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7 Ways to Get Noticed as a Skateboarder
06.05.2015 12:00 AM


Do you feel like there are so many skaters trying to make it that you’ll never get noticed? Not so. Read on to learn why it’s easier than you think.

1. Make Connections

Your probably won’t get noticed if you’re hanging out in your room all day, so go out and meet some people. Say hey to people at the skate park and hang out at the local skate shop. Find common ground with some other skaters in your town or city. Not only will you make new friends, but your whole world will get bigger, introducing you to new spots and skaters. And that world will definitely notice that you’re in it. Also, don’t feel weird about getting in touch with your favorite skaters on social media. You never know who you’ll make a connection with.

2. Enter Contests

If you attend contests regularly, you’ll be sure to get noticed as a skater. Ask around local parks, shops, and malls to see if they’re hosting any contests. If you live in a small town with no contests to speak of, they’re definitely worth traveling out of town for. Contests are a prime place to start on your path to getting sponsored, and they’re also meeting hubs for the kind of people you want to meet. Even if you don’t win, that’s not the point. Contests should get you motivated to practice and make you a visible figure in the skate scene.

3. Use Social Media

The world’s come along way since a subscription to Thrasher was sufficient to know all you need to know about skateboarding—nowadays, you have to keep up with multiple websites and social media stars to know what’s up. But now you don’t have to wait around for a zine to profile you to get noticed. You can post your own stuff on social media and, if you go about it the right away, you’ll start trending. Use Twitter for sharing information about events and new videos and articles, plus whatever goofy jokes you want to make. Instagram is good for posting video stills and dumb photos from late-night hangs. YouTube is the obvious choice for videos, and Tumblr can be a great site if you like to mix up art and weird ‘Net dregs with your video updates. Come up with your own signature hashtag so people can find you easily.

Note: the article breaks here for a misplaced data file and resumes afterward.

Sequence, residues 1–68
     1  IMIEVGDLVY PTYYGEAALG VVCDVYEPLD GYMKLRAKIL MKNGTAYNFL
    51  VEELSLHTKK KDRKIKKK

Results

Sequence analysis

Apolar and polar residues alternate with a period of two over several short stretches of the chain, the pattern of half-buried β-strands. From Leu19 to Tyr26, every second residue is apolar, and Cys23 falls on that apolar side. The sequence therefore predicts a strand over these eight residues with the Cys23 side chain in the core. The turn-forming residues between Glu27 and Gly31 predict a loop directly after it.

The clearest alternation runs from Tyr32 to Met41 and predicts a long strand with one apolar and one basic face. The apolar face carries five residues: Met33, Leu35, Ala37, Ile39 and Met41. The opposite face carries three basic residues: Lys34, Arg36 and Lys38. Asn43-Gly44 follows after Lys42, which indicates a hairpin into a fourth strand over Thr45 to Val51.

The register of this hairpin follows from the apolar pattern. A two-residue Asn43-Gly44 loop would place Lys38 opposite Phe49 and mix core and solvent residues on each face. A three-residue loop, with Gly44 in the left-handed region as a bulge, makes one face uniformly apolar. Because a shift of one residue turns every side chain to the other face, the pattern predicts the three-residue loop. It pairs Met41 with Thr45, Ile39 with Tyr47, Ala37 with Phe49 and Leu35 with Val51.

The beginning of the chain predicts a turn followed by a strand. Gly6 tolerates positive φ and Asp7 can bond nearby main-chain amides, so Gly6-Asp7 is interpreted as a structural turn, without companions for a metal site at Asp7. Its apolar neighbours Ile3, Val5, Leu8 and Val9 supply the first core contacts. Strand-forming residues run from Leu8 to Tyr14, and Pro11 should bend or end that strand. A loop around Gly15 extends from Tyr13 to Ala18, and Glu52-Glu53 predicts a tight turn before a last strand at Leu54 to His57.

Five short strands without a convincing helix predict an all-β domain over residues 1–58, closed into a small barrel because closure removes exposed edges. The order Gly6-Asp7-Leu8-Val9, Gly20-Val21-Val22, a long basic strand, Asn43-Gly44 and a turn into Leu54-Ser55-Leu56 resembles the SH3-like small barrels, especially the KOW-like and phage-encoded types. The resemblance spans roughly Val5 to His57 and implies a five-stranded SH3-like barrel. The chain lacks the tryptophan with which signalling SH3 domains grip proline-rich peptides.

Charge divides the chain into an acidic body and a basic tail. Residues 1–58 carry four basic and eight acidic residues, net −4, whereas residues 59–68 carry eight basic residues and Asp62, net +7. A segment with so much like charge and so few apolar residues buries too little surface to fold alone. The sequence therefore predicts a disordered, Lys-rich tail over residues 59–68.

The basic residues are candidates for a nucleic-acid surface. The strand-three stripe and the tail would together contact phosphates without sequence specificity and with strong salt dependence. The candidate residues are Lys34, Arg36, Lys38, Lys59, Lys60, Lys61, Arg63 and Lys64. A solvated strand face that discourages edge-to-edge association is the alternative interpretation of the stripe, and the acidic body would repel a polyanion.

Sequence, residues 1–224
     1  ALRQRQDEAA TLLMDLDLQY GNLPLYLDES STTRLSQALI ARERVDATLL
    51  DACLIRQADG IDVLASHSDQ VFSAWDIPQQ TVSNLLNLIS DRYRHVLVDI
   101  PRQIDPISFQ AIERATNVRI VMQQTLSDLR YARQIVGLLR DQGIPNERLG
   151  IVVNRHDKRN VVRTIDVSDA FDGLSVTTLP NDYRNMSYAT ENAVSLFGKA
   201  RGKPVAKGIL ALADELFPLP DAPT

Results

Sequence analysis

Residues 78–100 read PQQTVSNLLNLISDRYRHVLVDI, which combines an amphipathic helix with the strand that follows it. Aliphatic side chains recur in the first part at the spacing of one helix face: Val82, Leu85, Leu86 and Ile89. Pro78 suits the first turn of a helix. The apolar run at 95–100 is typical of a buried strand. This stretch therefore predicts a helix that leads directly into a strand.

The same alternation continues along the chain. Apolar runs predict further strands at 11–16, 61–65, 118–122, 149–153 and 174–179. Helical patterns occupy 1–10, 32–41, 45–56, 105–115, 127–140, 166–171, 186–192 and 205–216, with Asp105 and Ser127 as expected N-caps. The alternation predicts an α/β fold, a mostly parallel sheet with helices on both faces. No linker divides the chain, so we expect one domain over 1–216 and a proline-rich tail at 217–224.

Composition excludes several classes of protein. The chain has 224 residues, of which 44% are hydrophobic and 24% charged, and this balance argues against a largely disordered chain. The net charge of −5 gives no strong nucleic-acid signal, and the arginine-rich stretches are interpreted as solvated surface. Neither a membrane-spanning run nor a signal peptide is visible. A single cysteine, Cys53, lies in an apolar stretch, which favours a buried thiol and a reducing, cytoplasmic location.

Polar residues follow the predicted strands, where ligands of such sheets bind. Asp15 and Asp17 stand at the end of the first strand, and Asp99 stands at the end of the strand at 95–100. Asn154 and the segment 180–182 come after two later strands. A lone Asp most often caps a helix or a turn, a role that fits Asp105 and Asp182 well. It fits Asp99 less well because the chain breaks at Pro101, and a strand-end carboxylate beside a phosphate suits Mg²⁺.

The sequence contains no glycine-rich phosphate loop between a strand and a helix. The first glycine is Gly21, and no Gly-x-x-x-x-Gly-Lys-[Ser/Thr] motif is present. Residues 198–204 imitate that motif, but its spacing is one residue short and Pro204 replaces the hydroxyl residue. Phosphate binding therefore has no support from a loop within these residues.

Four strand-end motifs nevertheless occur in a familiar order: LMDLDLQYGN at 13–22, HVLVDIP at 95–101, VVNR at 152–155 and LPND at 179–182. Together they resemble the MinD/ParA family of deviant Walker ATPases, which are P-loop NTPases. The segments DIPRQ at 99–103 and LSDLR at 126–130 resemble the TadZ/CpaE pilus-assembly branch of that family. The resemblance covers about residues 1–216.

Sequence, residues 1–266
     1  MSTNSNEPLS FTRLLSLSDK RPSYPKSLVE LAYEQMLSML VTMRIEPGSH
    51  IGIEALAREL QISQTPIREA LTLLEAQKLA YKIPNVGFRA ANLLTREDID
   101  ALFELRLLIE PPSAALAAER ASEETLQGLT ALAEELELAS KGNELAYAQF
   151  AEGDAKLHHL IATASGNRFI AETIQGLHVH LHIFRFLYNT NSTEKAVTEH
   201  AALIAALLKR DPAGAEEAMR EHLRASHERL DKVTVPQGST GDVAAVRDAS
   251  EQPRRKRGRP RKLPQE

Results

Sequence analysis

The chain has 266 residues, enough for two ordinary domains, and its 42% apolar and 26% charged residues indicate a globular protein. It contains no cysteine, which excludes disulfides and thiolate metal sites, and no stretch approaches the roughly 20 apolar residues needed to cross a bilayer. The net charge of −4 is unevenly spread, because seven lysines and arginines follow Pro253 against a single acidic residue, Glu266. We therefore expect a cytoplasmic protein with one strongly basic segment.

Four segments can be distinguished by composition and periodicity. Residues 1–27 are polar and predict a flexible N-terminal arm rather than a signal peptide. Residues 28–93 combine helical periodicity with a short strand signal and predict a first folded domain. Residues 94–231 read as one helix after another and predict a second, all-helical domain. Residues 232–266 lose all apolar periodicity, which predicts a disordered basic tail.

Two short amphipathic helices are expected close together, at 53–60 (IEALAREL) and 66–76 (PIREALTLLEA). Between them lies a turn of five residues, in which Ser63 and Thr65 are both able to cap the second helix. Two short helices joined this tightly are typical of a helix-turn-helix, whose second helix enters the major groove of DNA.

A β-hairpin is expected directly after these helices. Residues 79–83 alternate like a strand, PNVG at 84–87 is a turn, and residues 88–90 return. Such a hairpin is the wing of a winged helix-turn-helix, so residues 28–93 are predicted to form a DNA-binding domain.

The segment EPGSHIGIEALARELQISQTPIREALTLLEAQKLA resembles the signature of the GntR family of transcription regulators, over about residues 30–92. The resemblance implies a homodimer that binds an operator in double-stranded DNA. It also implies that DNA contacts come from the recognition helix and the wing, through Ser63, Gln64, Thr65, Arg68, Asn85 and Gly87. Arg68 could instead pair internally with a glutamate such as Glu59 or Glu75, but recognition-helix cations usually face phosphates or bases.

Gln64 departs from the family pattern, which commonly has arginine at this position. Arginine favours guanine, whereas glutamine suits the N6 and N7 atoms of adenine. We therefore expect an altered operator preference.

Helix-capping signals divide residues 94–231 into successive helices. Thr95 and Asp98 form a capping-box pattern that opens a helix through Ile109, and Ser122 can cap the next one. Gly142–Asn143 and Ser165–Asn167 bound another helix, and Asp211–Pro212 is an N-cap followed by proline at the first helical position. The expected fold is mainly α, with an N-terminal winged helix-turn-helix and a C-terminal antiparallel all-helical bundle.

4. Make Videos

Speaking on technology, smartphones and social media make it easier than ever to film a skate video and share it. If you show off your sickest skills and have an interesting enough video, you’ll attract an audience of people who want to share your video with others, and you’ll have something to include in a sponsor-me video. And even if the likes and reblogs don’t pour in right away, you’ll get noticed IRL when you’re in the process of filming. To get started, check out our blog post on how to make a skate video.

5. Develop Your Own Style

Hate to break it to you, but if you want to get noticed as a skater, that means you’ll have to be worth noticing. Don’t sit on your board and freak out just yet, though. Yes, it takes technical skill to get noticed, and you should be putting in some serious hours at the park if you want to get noticed for your skate ability. But even if you know there’s room for improvement, don’t sacrifice developing your original style. Go with the flow of how you skate, even if it’s a little weird: that’s why we love sponsored skaters like Tor Bevivino and Mango Milic.

6. Host Shows and Events

People might notice you if you’re a good skater, but they’ll definitely notice you if you care about the skate community. Skating comes under fire all the from people who don’t get it and want to shut it down, but it’s also a great conduit for positive actions, so you definitely have a cause to embrace nearby. Host a benefit show for your local skate shop that’s fallen on hard times, set up a contest and donate the proceeds to a charity, or start your own non-profit like Oliver Percovich, founder of Skateistan.

7. Be Different

Skateboarding is for losers, weirdoes, misfits, and mavericks. It’s for artists and punk kids. Skating was made by the underdog for the underdog. Never be afraid to be different and do your own thing, because if you stand out, that’s what people notice above anything else.

Getting noticed is easier than you might think—it just takes some dedication. Now we want to hear from you: what are you doing to meet friends and make things happen in your local skate community? Let us know in the comments.

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